I hope you found this article on building a raised garden bed helpful. If so, please pass it along to your friends. Comments or ideas? Add them in the comment section below. Thanks for visiting and happy gardening!

About the Author:

Kelly R. Smith
Kelly R. Smith

Kelly R. Smith is an Air Force veteran and was a commercial carpenter for 20 years before returning to night school at the University of Houston where he earned a Bachelors Degree in Computer Science. After working at NASA for a few years, he went on to develop software for the transportation and financial and energy trading industries. He has been writing, in one capacity or another, since he could hold a pencil. As a freelance writer now, he specializes in producing articles and blog content for a variety of clients.


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Choosing the Right Trees

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U.S. Hardiness Zone Map
U.S. Hardiness Zone Map

Trees in our yards serve many purposes. Some are ornamental, some bear fruit, some are for privacy, and some provide shade which reduces energy bills. With that in mind, when choosing the right trees you must ask yourself what purpose they will serve.

How to Choose Fruit Trees

Many people want their own fruit trees and why not? Free food is great. Also, for some of us it’s a nice, fuzzy feeling that comes with the assurance that the fruit is truly organic. I myself fall into that category; I once made the commitment to plant one fruit tree per year. Now, I’ve about run out of real estate.

The mistake many people make is neglecting to research the required chill hours the trees need. I see it all the time; people buying trees at the local big box store. They plant them and wait. No fruit cometh forth. The map at the top of this page will show you the zone you live in and the corresponding temperature range. You might pay more for trees at a nursery but you will know what you are getting.

Republic of Texas Orange Tree
My Republic of Texas Orange Tree

Choosing Shade Trees

Shade trees are very beneficial. They help to maximize your energy efficiency. When they shade your house from the sun, you save money.  Basically, the southern side of your home will receive up to three times more sunlight than the western and eastern facing sides in the wintertime, and just one third as much during the hot summertime. Deciduous trees are a better choice than evergreens because they lose their leaves in the wintertime when you benefit from the warming sun.

Planting trees with this in mind is called a passive solar concept. One note of caution–do not plant them too close to the house or you risk root damage to your foundation. Large trees should be no closer than thirty feet away and small ones no closer than eight feet away.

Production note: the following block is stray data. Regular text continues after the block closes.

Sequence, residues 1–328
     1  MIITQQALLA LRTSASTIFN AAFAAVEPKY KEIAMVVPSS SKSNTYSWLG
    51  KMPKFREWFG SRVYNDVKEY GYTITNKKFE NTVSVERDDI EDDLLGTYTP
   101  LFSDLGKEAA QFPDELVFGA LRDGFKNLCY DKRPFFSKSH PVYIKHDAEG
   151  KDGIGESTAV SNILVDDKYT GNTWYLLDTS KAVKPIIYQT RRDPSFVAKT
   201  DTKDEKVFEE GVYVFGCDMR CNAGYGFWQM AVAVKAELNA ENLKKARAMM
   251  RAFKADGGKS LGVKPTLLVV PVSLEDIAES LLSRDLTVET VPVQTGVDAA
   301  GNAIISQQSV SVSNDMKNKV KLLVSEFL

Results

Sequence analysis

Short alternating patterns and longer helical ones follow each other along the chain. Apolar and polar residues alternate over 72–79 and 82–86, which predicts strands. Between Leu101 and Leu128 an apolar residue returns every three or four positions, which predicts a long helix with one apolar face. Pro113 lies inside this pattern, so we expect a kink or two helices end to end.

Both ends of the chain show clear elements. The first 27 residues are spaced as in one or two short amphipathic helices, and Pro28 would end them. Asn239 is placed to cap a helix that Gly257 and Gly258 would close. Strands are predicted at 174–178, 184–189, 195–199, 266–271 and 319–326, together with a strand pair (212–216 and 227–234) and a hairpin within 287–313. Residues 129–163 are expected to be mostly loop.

Choosing Privacy Trees

Privacy trees keep those pesky peeping neighbors at bay and deter crooks from seeing what property you have on your property. Some good candidates are Thuja Green Giant, Leyland Cypress, Emerald Green Arborvitae, and Italian Cypress. Since they are relatively fast growing, the benefits arrive quickly.

A Row of Privacy Trees
A Row of Privacy Trees

Trees are not only helpful; they also add a lot of equity to your home. Select and plant them properly and they’ll take care of you. Remember to care for them with pruning and a fertilization schedule and your investment will be protected for years to come.


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Beneficial Nematodes for Organic Flea Control


Beneficial nematodes for pest control; photo by Kelly Smith
Beneficial nematodes for pest control; photo by Kelly Smith

Do you have pets? Do you have a yard? Do you try to stay organic? If you answered yes, you need to know about beneficial nematodes because they’ve got your back. They will solve your flea and tick problem without having to resort to toxic pesticides.

Toxic pesticides kill all the beneficial critters like ladybugs and earthworms. Products like Roundup and Weed & Feed do more damage than good. If you lose your earthworms you lose your soil aeration. Lose your ladybugs and praying mantis and you’ll have to buy more toxic chemicals to control pests.

What are Beneficial Nematodes and How do They Work?

In a nutshell, they are non-segmented, microscopic roundworms. You might not have heard of them but they occur naturally all over the world. Well, perhaps not Antarctica.

They are predators of tick and flea larvae in the soil. These may be your primary concerns but they also control sod webworms, cutworms, maggots, various types of ants and many more. They work by first finding a suitable host.

Highly-magnified nematodes
Highly-magnified nematodes

Next they enter through an appropriate body opening or through the body wall. Once they have taken up residence they produce a bacteria and inject it int the host’s blood, which kills the host. Finally the search for the next host begins.

How are they Applied to Your Lawn?

Since the nematodes arrive at your home in a seemingly powder form, they can easily be applied in a variety of ways. Small areas can be applied with a watering can.  Large lawns are candidates for hose-end sprayers like the one I used this morning. It’s a good deal since it comes with  loaded with fertilizer.

You won’t likely find nematodes at your local store but they are easy to find on-line. Every spring I order mine from Arbico Organics. High-quality products and quick delivery. For my front and back yard I order the 10 million size (rated for 3,200 square feet). A bit of overkill perhaps, but after the flood from Hurricane Harvey who knows what’s lurking below the soil?

If you have friends that might be interested in organic pest control using beneficial nematodes, share this article with them. Leave a comment below!